This legislation would prohibit the sale of kratom to anyone under 18 and require manufacturers, distributors and retailers of the substance to be licensed by the state’s Department of Revenue. “We still believe an outright ban is a much better approach to this dangerous drug,” says the Rev. Mark Creech. “Still, a law to control who can buy it is better than no regulation at all.”
S508: Remove Volunteer Chaplain Education Requirements
This bill would make it clear that community-funded and volunteer chaplains for the state’s prisons are not required to have any level of education. Current policies, which require chaplains to have a Master of Divinity or equivalent level of education have prevented some prisons from having chaplains. “Formal training resulting in a bachelor’s or master’s degree in divinity, theology, or related fields such as counseling and pastoral care is to be much appreciated,” said the Rev. Creech. “But the effectiveness of a chaplain may depend more on factors such as their ability to connect with inmates, listen actively, provide emotional support, and speak to them on their level, which may not necessarily be tied to formal education. Inmates need every opportunity to be exposed to as many voices as possible in the hope of finding one or more that can help them.”
Bills to Oppose
S490: ABC Omnibus 2023
Sunday ABC sales, curbside cocktails, happy hours, discount liquor, and a host of other alcohol-pushing provisions are included in this 36-page omnibus bill. The Rev. Creech has said that at least 11 provisions among 31 are “extremely concerning.” He addressed the House Committee on Alcohol Beverage Control when it took up the bill in June and provided a nine-page analysis of the measure and how it would negatively affect the health and safety of North Carolinians.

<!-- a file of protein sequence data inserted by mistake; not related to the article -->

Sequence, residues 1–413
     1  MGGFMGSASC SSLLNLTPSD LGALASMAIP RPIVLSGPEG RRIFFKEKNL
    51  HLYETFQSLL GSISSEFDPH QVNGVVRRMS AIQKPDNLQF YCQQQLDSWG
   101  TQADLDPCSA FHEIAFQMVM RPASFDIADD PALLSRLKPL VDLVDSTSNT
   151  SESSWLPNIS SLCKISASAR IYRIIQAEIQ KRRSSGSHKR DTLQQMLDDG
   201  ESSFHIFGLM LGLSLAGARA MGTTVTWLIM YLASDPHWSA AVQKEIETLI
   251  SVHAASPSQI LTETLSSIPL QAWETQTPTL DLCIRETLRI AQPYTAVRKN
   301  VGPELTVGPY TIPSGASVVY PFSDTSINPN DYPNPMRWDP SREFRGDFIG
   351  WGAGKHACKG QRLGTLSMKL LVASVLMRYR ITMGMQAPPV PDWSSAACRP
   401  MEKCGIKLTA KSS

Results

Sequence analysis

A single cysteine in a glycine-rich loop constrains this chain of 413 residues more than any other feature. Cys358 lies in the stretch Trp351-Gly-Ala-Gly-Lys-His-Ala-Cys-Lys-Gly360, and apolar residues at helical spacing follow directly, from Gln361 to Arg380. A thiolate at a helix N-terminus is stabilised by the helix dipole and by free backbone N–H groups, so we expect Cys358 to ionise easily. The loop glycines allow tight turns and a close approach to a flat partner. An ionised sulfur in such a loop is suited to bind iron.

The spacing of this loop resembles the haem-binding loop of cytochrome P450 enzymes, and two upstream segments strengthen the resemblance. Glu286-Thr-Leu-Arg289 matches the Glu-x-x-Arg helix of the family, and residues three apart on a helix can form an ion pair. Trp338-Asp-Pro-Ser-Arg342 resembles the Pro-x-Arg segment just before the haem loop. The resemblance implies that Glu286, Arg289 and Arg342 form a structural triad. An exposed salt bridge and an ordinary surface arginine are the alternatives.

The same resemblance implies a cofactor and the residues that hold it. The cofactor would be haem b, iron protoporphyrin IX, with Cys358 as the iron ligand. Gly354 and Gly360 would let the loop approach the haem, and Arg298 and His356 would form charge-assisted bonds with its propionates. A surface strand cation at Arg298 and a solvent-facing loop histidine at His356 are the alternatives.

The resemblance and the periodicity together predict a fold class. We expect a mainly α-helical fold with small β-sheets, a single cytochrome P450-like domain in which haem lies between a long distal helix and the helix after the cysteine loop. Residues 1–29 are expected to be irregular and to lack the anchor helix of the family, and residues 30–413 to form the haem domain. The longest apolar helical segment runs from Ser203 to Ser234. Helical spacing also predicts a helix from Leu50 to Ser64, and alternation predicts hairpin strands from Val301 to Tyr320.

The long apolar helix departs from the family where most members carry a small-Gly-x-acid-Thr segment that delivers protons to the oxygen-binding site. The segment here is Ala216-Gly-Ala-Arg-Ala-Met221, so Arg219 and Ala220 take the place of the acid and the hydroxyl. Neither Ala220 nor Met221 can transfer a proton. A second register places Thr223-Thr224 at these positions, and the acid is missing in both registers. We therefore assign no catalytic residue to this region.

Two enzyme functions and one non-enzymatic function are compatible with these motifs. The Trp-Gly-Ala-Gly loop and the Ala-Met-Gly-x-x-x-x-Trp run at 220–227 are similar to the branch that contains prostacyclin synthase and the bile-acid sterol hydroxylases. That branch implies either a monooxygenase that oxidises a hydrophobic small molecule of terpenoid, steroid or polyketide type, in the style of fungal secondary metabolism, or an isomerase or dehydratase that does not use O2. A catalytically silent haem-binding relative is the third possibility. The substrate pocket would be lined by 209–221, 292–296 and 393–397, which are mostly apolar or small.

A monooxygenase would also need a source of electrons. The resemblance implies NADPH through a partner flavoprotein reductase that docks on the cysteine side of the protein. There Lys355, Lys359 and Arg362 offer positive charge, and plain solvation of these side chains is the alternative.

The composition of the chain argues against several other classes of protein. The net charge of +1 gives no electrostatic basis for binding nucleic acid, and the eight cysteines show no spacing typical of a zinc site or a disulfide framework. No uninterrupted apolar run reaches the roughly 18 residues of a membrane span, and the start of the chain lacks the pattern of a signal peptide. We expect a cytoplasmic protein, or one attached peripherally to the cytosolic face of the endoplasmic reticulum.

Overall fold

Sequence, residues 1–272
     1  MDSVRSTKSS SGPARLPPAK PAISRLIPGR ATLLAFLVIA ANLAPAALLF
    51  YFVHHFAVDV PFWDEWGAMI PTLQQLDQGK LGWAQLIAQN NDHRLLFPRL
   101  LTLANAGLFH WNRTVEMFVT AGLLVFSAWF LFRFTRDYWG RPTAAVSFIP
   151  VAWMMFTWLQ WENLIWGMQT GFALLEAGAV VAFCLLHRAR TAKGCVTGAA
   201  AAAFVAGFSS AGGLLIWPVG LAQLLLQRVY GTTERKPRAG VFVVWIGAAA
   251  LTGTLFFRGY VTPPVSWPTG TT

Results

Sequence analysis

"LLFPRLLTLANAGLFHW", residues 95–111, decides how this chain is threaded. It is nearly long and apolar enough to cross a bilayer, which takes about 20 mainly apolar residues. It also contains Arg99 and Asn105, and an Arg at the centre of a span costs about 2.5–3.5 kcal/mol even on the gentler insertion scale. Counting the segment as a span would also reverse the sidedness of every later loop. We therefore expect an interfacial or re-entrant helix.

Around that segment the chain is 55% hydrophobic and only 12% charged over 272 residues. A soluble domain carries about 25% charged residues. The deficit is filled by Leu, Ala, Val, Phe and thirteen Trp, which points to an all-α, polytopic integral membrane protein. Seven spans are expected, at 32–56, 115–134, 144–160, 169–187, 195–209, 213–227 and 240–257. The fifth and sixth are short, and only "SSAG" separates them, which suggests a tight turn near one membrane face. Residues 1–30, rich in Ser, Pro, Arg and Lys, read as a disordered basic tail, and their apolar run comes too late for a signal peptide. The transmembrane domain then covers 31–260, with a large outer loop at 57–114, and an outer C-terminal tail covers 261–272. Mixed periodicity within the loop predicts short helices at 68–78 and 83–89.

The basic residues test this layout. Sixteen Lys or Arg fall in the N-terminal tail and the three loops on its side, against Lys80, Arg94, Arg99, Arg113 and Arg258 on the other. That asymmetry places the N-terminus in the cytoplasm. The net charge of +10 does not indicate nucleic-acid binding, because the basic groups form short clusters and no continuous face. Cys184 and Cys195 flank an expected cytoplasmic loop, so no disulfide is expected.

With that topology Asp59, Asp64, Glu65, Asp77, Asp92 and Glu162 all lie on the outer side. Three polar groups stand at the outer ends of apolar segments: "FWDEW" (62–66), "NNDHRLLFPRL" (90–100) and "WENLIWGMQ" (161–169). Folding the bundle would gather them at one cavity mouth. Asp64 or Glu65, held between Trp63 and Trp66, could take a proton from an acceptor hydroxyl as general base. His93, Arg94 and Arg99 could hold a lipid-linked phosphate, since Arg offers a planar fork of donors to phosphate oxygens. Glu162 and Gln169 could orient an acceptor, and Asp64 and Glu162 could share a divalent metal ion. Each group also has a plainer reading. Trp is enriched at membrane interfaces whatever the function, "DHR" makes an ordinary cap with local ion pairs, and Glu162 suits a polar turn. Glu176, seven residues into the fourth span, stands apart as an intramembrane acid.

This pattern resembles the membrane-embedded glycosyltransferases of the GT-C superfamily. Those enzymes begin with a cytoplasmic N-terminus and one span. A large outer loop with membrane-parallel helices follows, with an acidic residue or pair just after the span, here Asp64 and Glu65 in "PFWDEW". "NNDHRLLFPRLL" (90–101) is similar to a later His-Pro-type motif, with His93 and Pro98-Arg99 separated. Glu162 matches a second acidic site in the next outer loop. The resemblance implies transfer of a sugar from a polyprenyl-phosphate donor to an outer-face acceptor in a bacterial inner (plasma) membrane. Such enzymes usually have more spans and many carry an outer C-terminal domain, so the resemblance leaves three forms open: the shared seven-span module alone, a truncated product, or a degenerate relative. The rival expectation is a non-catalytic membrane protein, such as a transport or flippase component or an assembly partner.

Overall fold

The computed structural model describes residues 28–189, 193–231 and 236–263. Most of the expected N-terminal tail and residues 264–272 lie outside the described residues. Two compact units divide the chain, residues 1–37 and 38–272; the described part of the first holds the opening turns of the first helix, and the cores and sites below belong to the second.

S3: Compassionate Care Act
This bill would legalize pot for people with a range of debilitating or terminal illnesses and authorize 10 seed-to-sale suppliers across the state to pay licensing fees ($50,000 initially and $10,000 a year) among other costs for the privilege of selling the psychoactive drug. Lawmakers heard passionate testimony on both sides of the issue, including from one of their own. Sen. Bill Rabon (R-Brunswick) advocated strongly for the bill and even led the Senate to hold an unrelated bill hostage to its passage. Thus far, House leaders have said there is not enough support among GOP members to move the measure forward in their chamber, but again, as long as lawmakers are in session, there’s a chance it could come up.
By approving mobile sports betting this year, the Legislature already embraced the largest expansion of legal gambling in the state since the inception of the lottery in 2005. But the push for more gambling continues as lawmakers may also authorize up to four new casinos in economically depressed areas of the state and could even open the door once again to video lottery terminals. These ideas are being considered as part of budget negotiations. Including them in the budget bill would be a way to make them legal without putting them in a standalone bill that could be fully debated.
Senate leader Phil Berger (R-Rockingham) has told reporters that he believes casinos would provide a much-needed economic boost to rural areas like his own district. He and others have expressed concern that the state is losing gambling dollars to Virginia, which is opening casinos along the North Carolina border. Moore also seems amenable to the new casinos.
“The gambling industry has deep pockets and is relentless in its push to legalize any and all types of gambling in every corner of the state,” said the Rev. Creech. “We must pray that lawmakers don’t become so focused on the industry’s empty economic promises that they lose sight of all the harm that casinos and video lottery terminals will bring to North Carolina families.”